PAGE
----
Fuel Flash – October 2019

September had a volatile period for oil prices following a relatively stable stretch for most of August.  The month opened with prices near $55 per barrel but sharply increased to over $62 during mid-September.  Shortly after the spike, prices quickly fell back to the mid-$50’s and remained in that range.  By the end of the month, prices closed just over $54, roughly where the month began.  The following graph shows the daily price movements over the past three months:

In early September, prices started climbing modestly as OPEC reaffirmed their production cuts through the end of the year.  Then, a rapid and significant increase in prices occurred during the middle of the month following a missile and drone attack on Saudi Arabia’s oil refining facilities, attributed to rising tensions with Iran.  Concerns about escalating military action in the Middle East in retaliation for the attack along with expectations of a major disruption to oil supplies caused the spike in prices.  The Saudi facilities had been producing approximately 5% of the world’s oil and initial estimates of the damage indicated it would take many months to restore full operations.  

Although it appeared that prices might continue climbing after the attack, they quickly began to decline when a military response did not occur despite continuing accusations of blaming Iran and high tensions in the region.  In addition, Saudi Arabia reported they were able to quickly restore a large amount of production capability and claimed that full operations would resume within weeks. 

As a result of the events in September, overall average prices for oil and wholesale fuels increased compared in August.  However, diesel retail prices remained flat while gas retail prices continued their slow decline that began in the spring.  The graphs below show the movement of crude oil (converted to gallons) along with wholesale and retail fuel prices over the trailing 15 months:  

Since retail prices for diesel were relatively unchanged while wholesale prices increased, retail margins for diesel decreased.  Retail prices and margins for diesel had been relatively high over the past few months so the increase in wholesale prices was essentially absorbed at the retail level as merchants sacrificed their unusually high margins.  For gas, retail margins also decreased as average retail prices continued their slow decline while wholesale prices remained relatively stable.  For both fuels, retail margins have returned to more typical levels.  The following graph shows the margins for over the trailing 15 months:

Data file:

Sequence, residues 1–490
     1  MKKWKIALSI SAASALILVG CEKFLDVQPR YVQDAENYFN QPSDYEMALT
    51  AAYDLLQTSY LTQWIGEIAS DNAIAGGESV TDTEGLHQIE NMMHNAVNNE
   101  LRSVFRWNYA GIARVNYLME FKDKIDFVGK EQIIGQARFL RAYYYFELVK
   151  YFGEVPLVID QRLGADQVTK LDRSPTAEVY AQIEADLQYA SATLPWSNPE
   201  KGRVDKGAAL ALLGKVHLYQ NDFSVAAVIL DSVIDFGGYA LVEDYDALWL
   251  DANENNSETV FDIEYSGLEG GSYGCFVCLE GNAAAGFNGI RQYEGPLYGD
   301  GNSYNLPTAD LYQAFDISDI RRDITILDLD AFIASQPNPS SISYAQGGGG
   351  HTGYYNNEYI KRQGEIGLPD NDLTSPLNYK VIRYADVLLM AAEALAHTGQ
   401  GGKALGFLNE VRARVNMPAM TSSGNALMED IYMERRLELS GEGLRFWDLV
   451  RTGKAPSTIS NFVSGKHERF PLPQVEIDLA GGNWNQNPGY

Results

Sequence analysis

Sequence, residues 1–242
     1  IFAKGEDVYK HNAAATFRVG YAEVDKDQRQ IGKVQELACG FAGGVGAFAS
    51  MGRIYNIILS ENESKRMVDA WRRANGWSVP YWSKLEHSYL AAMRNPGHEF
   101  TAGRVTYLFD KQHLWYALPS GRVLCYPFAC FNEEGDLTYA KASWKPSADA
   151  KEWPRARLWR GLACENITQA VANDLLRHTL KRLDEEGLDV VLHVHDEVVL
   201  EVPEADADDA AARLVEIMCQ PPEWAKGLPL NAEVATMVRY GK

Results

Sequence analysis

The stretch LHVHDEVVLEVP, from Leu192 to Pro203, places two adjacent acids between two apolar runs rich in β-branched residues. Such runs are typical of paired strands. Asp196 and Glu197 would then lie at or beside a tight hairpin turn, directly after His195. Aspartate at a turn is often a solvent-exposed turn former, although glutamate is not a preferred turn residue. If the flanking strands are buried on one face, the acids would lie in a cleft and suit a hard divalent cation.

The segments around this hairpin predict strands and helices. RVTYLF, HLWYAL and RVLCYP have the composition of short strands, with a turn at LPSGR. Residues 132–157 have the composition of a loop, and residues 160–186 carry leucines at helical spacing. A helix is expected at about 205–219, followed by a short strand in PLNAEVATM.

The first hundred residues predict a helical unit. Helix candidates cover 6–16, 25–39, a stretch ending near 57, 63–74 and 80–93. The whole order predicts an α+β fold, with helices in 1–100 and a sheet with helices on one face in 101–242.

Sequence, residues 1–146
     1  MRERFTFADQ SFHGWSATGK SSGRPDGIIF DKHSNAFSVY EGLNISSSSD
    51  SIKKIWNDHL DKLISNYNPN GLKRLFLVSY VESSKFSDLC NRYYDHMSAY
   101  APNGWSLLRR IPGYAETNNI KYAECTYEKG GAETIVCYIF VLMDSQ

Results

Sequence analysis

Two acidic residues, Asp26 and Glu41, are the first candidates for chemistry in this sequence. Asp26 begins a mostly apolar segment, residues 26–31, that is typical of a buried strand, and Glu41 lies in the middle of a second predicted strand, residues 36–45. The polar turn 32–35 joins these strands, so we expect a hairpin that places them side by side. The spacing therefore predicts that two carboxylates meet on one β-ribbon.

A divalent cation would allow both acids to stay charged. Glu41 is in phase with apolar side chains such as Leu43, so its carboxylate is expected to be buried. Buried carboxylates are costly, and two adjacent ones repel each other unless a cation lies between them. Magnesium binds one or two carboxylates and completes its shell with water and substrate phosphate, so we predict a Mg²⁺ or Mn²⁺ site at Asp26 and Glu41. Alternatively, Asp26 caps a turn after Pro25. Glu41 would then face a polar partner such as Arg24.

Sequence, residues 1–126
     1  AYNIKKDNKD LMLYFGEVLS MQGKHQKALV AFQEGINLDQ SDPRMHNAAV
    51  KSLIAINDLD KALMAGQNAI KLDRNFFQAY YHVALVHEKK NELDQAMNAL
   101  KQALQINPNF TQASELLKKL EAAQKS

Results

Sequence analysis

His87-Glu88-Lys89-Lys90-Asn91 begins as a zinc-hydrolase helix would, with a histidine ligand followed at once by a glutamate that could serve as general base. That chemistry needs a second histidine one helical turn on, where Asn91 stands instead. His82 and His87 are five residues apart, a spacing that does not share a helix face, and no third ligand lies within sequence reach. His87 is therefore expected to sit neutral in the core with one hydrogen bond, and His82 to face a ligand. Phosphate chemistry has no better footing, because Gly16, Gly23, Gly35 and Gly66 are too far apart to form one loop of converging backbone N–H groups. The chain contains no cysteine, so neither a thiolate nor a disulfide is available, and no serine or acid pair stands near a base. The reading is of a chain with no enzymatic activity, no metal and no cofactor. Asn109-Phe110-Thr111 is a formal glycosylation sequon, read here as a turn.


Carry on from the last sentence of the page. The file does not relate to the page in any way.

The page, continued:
Looking toward the remainder of the year, Sokolis Group continues to anticipate that oil prices will climb back to $60 or more per barrel.  The ongoing tensions in the Middle East certainly create the possibility of even higher price spikes.  There have also been some reports doubting the Saudi’s ability to fully restore production as quickly as they have indicated which could tighten supplies as inventory levels decline. 

As we have previously noted, there are several additional factors that support rising prices; OPEC and Russia have extended their production cuts through the end of the year, and possibly into 2020, in their effort to tighten supply.  Plus, face-to-face negotiations toward resolving the US-China trade conflict are scheduled for October.  Lastly, the deadline for the IMO 2020 maritime fuel transition is approaching which is anticipated to increase demand for oil and diesel fuel. 

If you’re concerned about the impact of future fuel price changes for your fleet and want to know if you’re receiving the best fuel prices possible, contact Conor Proud at Sokolis Group, cproud@sokolisgroup.com or 267-482-6159.  We are the nation’s leading independent fuel management consulting team and can help you make sure that your fuel management program is running at peak efficiency. 

Fuel Flash – September 2019

August opened with oil prices just over $58 per barrel but they fell sharply during the first week of the month.  By the 7th of the month, prices hit their lowest point at $51 and then started to rebound.  For the remainder of the month, prices traded in a narrow range near $55 which is where the month finally closed.  The following graph shows the daily price movements over the past three months:

Within a few days following the start of August, prices rapidly declined after an unexpected burst of friction between the US and China regarding their trade dispute.  Oil prices and financial markets plummeted based on a renewed pessimistic outlook for future global economic activity and demand for oil.  Although prices rebounded shortly after the decline, the following two weeks reflected little change.  By the last week of August, prices found some support as oil inventory levels showed a large decline.  In addition, the tone between the US and China began to soften ahead of face-to-face talks scheduled for September.